A provincial cabinet minister in Newfoundland and Labrador has resigned for making comments deemed racist by one of the province's largest Indigenous groups.

Perry Trimper issued a statement Friday acknowledging the hurt caused by his statements and saying he is stepping down as environment minister, effective immediately. Liberal Premier Dwight Ball accepted his resignation.

Trimper had apologized to the Innu of Labrador on Thursday after the group released an audio recording in which Trimper is heard saying the Innu are prone to playing "the race card."

The recording starts with a low-key voicemail message from Trimper to an Innu Nation staff member about vehicle registration, but it continues to pick up a conversation Trimper has with someone after he fails to hang up his phone.

Ball said in a statement that Trimper will focus on rebuilding relationships with the Innu from outside cabinet, a process that will include cultural sensitivity training.

"While my words do not represent my values, I recognize that they were insensitive," Trimper said in a statement. "Understanding and sensitivity are critical to relationship building, and I welcome all opportunities for healing, which includes the process of reconciliation."

Trimper initially issued an apology to the grand chief of the Innu Nation, Greg Rich, and his executive assistant Dominic Rich, who received the message.

"I regret that I said these words," Trimper told St. John's radio station VOCM. "I need to apologize and I want to apologize .... Those words don't reflect me. I drifted away from the person I aspired to be."

The politician, who represents a riding in central Labrador, said he has worked with the Innu people for many years, even before he entered politics.

He said he was aware that some within the community are not satisfied with the services they are receiving, but he made it clear his comments were inappropriate and he denied being a racist.

"I'm mad at myself," he told VOCM, adding that he would work to regain the trust of his constituents. "My career has been devoted to Labrador and so much of it to the Innu."

Ball said Trimper showed remorse for his remarks.

"My government values the relationship with the Innu Nation and holds the Innu Nation in the highest respect," the premier said, adding that he is trying to set up a meeting with the grand chief.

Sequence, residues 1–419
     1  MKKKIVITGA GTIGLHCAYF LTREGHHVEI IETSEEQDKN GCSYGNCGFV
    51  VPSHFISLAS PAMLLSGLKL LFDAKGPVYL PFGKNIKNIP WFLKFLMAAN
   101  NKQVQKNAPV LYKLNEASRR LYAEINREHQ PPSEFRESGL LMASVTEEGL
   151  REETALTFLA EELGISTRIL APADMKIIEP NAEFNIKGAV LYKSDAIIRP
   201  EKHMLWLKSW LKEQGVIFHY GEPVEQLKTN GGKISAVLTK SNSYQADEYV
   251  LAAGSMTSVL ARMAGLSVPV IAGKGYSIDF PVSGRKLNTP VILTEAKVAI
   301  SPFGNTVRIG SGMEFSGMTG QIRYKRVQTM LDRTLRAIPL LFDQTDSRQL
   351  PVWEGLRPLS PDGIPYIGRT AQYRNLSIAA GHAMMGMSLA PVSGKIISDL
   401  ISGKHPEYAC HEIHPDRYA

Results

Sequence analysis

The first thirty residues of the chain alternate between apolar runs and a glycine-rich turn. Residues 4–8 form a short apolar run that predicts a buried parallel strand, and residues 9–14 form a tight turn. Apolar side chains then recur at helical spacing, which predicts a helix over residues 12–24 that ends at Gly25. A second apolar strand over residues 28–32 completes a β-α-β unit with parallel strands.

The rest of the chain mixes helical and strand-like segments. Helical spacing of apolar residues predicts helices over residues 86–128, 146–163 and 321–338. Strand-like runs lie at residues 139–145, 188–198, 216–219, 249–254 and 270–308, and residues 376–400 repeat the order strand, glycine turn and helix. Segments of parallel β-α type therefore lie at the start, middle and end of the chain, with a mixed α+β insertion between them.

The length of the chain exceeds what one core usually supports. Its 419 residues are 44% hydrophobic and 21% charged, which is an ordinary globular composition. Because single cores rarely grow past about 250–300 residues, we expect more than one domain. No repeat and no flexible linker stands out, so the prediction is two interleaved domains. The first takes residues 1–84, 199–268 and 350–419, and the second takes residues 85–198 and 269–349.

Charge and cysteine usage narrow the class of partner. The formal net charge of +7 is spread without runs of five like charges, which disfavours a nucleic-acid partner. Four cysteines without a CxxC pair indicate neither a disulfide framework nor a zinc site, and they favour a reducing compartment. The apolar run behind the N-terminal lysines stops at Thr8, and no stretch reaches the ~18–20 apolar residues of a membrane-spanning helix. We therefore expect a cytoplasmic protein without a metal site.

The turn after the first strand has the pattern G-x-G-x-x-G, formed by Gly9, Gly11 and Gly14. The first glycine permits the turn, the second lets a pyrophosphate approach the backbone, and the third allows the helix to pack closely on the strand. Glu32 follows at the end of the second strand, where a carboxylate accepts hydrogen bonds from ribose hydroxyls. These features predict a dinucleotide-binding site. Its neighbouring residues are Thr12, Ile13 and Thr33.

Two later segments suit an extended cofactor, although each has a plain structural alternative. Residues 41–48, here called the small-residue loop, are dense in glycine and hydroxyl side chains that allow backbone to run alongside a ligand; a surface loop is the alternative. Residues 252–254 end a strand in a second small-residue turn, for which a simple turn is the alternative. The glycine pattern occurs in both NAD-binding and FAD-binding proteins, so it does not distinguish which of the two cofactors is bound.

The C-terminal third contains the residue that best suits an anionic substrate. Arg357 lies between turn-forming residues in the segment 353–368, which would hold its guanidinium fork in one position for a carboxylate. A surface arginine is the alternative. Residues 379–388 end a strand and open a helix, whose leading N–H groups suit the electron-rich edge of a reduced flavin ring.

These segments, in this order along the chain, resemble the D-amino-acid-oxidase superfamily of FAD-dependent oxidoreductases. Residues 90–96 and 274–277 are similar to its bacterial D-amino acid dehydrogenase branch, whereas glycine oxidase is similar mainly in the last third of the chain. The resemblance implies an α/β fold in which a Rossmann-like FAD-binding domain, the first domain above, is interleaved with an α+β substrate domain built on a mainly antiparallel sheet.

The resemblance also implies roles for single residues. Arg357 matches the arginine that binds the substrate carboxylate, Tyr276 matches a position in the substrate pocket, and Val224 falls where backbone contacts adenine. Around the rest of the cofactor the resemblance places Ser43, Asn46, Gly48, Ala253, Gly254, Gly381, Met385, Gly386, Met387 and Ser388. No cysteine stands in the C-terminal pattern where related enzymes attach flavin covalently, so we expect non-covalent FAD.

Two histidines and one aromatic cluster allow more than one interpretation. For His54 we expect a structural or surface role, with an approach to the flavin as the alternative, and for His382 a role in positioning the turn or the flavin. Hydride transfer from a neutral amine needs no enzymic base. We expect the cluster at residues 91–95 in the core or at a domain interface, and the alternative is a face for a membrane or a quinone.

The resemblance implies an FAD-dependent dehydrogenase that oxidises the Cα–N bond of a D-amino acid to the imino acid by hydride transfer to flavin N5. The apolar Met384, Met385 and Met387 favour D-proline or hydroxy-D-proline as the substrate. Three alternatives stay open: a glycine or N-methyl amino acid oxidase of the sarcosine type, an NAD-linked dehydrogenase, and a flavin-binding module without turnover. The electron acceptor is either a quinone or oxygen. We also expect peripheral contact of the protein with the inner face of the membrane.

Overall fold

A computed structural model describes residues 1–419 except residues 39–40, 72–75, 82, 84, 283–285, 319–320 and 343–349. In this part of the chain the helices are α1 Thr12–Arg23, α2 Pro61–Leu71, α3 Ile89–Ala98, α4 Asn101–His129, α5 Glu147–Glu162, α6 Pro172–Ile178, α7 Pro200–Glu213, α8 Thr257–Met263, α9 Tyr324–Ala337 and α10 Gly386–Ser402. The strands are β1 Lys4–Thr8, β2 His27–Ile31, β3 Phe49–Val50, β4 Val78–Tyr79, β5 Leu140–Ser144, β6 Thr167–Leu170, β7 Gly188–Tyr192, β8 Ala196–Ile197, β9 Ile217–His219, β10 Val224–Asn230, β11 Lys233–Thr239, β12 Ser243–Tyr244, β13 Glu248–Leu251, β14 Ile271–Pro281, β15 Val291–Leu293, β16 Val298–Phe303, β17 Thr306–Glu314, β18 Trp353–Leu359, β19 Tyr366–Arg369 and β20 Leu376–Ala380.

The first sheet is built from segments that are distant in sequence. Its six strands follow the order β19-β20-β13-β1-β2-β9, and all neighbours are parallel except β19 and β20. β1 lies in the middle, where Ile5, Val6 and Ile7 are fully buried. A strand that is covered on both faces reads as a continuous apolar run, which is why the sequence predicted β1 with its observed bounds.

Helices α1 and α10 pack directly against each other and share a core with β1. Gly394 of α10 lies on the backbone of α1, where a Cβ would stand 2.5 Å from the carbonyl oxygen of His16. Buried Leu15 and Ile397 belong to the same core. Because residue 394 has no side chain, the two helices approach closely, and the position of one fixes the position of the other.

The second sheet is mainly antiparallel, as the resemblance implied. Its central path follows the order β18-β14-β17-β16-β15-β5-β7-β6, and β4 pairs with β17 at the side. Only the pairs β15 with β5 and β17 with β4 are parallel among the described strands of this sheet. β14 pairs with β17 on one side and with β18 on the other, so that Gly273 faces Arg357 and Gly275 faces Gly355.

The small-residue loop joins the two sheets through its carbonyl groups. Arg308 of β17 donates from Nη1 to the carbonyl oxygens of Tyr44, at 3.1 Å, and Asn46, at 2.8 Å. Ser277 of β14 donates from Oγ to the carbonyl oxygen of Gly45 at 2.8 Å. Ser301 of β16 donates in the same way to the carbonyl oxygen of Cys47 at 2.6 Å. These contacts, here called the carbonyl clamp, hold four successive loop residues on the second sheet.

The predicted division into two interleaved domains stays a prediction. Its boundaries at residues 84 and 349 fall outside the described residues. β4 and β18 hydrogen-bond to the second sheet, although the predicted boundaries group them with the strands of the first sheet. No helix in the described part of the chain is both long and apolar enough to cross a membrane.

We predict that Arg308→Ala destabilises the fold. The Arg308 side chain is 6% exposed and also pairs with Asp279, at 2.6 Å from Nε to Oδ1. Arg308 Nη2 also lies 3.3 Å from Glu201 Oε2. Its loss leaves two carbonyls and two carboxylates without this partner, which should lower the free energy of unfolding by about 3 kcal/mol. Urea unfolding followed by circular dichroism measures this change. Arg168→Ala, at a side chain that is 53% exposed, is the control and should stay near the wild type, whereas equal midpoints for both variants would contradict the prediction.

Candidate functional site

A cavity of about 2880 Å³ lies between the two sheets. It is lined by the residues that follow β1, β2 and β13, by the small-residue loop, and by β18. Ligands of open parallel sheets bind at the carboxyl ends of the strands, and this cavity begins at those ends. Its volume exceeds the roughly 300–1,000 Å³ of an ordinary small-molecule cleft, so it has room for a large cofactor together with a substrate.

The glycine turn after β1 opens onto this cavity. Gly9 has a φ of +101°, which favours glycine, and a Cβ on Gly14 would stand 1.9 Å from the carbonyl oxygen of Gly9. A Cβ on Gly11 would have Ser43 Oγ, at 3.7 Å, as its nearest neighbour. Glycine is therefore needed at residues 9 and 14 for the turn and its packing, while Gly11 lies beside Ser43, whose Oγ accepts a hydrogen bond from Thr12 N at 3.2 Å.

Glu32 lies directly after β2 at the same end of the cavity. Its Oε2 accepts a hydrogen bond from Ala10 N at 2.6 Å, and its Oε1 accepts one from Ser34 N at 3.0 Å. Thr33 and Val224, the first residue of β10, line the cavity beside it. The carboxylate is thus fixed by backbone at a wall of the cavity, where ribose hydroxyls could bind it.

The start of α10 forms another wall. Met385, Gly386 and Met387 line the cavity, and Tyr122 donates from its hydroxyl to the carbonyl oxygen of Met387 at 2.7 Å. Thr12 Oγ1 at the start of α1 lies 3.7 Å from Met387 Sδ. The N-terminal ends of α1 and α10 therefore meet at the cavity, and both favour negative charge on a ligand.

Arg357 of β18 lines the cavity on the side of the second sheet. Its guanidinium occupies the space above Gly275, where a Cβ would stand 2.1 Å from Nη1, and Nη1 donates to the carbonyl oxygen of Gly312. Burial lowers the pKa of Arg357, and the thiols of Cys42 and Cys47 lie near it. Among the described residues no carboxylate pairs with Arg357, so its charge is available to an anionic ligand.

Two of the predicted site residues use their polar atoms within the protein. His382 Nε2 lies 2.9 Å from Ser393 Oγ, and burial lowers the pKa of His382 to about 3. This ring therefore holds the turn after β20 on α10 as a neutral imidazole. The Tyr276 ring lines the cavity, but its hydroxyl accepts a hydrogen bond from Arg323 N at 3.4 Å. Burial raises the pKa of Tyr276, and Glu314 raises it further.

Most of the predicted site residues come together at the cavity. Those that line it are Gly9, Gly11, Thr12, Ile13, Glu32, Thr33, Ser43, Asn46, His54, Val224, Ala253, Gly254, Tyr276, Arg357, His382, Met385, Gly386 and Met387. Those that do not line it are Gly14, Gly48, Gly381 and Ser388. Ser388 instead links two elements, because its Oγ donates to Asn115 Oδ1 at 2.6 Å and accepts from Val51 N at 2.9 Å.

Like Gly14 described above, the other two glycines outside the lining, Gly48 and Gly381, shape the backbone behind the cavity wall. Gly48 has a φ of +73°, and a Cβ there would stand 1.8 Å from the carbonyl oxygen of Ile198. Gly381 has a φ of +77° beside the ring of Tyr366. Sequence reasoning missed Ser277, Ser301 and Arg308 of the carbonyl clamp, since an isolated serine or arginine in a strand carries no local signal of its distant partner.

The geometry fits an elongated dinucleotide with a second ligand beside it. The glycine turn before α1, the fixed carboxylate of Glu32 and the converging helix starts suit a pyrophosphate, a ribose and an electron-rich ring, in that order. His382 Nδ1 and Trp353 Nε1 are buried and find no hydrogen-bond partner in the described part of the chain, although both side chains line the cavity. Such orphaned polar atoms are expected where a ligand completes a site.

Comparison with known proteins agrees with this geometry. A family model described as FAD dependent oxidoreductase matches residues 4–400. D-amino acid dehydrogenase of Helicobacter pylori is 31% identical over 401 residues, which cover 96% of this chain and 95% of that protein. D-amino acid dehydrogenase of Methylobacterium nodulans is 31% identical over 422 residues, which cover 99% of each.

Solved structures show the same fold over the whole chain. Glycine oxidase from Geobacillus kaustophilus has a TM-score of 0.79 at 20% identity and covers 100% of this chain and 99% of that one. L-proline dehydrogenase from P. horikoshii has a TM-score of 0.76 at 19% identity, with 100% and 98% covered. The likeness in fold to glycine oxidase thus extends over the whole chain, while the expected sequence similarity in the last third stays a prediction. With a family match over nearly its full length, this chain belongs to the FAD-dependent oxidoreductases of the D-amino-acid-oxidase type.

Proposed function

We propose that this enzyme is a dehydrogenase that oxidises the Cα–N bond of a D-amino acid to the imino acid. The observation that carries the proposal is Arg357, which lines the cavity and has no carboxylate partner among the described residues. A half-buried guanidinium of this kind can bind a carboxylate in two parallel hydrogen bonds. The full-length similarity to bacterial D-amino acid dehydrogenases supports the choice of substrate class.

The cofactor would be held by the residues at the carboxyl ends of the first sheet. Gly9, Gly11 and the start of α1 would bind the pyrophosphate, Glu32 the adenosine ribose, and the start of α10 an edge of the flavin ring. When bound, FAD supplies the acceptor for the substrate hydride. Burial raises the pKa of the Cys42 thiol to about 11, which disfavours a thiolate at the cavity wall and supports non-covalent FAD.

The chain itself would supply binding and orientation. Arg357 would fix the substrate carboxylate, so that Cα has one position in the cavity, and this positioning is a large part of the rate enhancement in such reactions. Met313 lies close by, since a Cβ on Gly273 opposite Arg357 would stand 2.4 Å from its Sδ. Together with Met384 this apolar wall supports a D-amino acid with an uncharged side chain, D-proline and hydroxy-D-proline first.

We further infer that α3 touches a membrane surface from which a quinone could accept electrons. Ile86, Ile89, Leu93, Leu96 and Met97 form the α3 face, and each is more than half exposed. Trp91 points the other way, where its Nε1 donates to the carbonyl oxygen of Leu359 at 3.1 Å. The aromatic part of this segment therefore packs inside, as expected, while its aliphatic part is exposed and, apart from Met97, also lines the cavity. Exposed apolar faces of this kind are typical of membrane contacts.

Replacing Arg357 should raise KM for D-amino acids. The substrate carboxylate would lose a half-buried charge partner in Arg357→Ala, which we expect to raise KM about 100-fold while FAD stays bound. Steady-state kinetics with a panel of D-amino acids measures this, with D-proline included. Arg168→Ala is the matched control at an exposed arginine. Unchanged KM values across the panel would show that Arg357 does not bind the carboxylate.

Former deputy grand chief Peter Penashue responded to Trimper's comments on Twitter, saying it was a case of racial profiling.

"Here is the question I ask myself: Is this the attitude of government ministers when Indigenous peoples are not in the room?" he wrote.

In the first part of the voicemail, Trimper's comments appear to deal with an Innu request for additional translation services for residents seeking motor vehicle registration.

After Trimper hangs up the phone, he can be heard saying: "They're accusing us of having bias on motor vehicle registration, saying that people taking the test don't have adequate translators, and it's their God-given right to have adequate translation."

A person speaking with Trimper responds: "You can't have it all in every language .... They have a feeling of entitlement."

Trimper then adds: "And the race card comes up all of the time .... I've been working 30 years with you guys, don't play that on me."

Trimper, a former environmental scientist who had been house Speaker, was sworn into cabinet on Sept. 6.

Representatives from the Innu Nation could not immediately be reached for comment.

The group represents about 2,200 people in Labrador, most of whom live in the communities of Sheshatshiu in central Labrador and Natuashish, which is on Labrador's northern coast.

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